RSS

Category Archives: Barbeque

Hickory Smoked Game-Time Nuts

Sometimes it feels like I live with a teenager.  I love D to death but he thought it was just hysterical when I used the phrase “salted nuts” when talking about my prep work.  He actually found it so entertaining that I could not help but laugh.  Anyway, these salted nuts made a great snack for the official start of Football season, try not to eat them all in one sunday though.

In my house, those Smokehouse almonds used to be a regular snacktime staple, until we started reading ingredients.  MSG, maltodextrin, potassium sorbate…wtf is in these things?  We decided to make our own smoked mixed nuts on the Weber 22.5 inch kettle with hickory smoke.

Ingredients:

  • 6 cups raw nuts: we used almonds, walnuts, and pecans
  • 2TB of oil: coconut or olive oil
  • 1 t cumin
  • 1/2 t garlic
  • 1/4 t cayenne
  • generous amounts of salt

Basically you just mix all of the ingredients together in a foil pan and put on the indirect side.  How freaking easy is that?  Next time you have a party whip a batch of these babies up, I will even let you take credit for coming up with this genius idea.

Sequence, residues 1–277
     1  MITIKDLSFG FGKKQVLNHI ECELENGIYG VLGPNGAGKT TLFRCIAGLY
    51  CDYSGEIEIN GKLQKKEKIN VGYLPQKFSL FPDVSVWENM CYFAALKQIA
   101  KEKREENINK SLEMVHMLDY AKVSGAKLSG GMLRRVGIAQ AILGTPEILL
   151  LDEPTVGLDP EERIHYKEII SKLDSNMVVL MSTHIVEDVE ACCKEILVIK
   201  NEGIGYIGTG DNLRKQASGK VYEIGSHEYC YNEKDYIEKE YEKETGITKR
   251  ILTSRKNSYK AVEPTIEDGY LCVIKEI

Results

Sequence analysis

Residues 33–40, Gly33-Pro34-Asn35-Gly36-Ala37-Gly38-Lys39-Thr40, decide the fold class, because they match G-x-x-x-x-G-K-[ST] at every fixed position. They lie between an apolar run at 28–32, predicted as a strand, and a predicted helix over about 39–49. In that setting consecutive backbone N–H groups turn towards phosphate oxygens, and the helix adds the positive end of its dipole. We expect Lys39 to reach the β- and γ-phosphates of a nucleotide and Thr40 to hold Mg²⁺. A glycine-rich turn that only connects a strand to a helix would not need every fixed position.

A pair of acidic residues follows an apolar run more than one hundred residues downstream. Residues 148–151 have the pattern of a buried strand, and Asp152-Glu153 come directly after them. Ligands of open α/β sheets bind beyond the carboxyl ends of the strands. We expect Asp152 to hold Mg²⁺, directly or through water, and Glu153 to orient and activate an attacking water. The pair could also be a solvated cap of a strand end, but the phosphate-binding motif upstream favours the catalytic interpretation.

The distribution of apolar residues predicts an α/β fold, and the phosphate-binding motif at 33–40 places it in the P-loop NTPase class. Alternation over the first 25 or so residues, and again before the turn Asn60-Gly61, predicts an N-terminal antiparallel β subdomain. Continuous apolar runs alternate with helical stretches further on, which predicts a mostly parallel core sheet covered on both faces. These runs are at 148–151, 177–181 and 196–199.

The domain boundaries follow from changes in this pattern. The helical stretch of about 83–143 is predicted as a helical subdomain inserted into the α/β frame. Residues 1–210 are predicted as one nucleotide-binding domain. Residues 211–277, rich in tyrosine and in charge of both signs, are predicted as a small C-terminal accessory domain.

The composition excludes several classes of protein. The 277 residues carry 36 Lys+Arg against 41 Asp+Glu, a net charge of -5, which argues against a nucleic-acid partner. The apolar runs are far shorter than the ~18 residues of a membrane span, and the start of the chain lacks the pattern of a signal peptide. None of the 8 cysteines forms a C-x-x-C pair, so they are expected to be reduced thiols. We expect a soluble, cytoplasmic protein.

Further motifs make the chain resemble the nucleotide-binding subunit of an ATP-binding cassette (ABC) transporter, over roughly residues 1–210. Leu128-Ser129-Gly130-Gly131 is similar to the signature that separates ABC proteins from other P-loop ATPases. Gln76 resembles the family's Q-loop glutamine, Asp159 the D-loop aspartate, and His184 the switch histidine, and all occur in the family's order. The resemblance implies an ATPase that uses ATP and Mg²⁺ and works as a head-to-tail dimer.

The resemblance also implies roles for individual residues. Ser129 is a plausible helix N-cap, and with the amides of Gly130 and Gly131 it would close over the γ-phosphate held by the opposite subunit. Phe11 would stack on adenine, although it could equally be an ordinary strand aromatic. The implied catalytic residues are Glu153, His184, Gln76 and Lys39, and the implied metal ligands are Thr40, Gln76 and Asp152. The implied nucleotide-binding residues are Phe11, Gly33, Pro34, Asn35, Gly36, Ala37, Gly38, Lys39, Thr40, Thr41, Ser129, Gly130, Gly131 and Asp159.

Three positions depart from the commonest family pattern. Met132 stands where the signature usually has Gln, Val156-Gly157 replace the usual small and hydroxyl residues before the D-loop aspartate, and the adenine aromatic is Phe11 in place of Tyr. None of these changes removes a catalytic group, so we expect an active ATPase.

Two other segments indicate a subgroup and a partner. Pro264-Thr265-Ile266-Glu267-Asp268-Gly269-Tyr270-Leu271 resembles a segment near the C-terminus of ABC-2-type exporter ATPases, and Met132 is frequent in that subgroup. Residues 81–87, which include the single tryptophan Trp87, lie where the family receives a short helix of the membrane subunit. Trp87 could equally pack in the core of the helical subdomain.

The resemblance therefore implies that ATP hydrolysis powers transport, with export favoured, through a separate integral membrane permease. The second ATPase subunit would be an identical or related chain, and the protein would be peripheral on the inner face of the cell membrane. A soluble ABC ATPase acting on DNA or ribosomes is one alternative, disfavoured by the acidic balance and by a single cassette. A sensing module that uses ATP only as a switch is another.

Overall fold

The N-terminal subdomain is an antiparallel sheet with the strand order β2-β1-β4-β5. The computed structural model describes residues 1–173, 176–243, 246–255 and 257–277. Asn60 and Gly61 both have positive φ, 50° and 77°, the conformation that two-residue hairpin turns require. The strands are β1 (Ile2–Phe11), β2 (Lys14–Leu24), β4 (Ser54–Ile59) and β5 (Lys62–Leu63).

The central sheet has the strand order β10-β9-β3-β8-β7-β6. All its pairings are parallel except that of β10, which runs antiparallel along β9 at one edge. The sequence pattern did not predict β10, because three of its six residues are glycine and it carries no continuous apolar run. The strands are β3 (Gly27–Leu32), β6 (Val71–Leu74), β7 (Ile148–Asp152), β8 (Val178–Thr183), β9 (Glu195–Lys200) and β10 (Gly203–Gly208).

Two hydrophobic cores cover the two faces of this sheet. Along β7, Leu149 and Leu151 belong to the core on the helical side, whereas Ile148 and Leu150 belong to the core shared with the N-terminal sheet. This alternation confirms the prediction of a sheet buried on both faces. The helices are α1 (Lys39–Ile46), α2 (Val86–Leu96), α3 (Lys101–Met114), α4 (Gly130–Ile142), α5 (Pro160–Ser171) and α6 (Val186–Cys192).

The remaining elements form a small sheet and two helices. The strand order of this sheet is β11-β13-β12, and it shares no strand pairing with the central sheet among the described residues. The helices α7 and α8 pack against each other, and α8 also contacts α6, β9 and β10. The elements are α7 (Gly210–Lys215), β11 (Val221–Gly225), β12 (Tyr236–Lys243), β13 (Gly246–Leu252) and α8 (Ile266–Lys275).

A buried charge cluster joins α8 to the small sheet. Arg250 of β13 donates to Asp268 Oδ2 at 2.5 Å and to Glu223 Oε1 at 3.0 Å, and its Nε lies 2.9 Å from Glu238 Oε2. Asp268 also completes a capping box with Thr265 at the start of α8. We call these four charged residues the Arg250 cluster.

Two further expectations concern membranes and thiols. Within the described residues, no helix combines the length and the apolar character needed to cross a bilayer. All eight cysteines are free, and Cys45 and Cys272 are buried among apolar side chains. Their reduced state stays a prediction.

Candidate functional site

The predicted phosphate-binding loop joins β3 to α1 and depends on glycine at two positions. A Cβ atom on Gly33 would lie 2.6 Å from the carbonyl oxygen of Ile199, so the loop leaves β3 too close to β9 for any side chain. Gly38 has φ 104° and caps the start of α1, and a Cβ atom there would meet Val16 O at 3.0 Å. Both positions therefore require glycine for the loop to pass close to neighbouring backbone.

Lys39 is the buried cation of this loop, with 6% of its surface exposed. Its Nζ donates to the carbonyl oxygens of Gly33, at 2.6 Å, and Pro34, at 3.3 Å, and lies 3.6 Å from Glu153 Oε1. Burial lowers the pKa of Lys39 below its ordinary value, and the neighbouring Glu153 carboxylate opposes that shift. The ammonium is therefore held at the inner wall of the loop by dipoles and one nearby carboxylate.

You want to leave these on for 20-30 minutes and stir frequently.  They will get a bit darker in color, which is fine…Turning black, is not.  There is only a couple minute window between perfectly smoked and burnt so keep an eye on these.  Also, if you give them adequate time to cool before serving it lets them get nice and crunchy again.

 
1 Comment

Posted by on September 10, 2012 in Barbeque, Random, Snacks

 

Tags: , , , , , , ,

Beefy Brunch Sausage and BBQ Eggs

Beefy Brunch Sausage and BBQ Eggs

I was looking for a clever quote about breakfast to insert here, but after searching the nerd net and finding several BS quotes about wives looking like crap in the morning I decided to scrap that idea.  Luckily, I don’t look any worse in the morning than I do the rest of the day.

I had 1lb of ground beef left from our last quarter cow, so that is what I used, you sub any type of ground meat you like, pork would be fantastic here too.

Ingredients:

  • 1lb ground meat
  • 1 t sage
  • 1TB whole fennel seeds
  • 1/4 t marjoram
  • 1/2 t salt
  • 1/2 t garlic
  • 1/2 t red pepper: I use korean sun-dried pepper because of its mild smoky kick, if you are using regular crushed red pepper you might want to use a bit less
  • 2 bell peppers
  • 4 eggs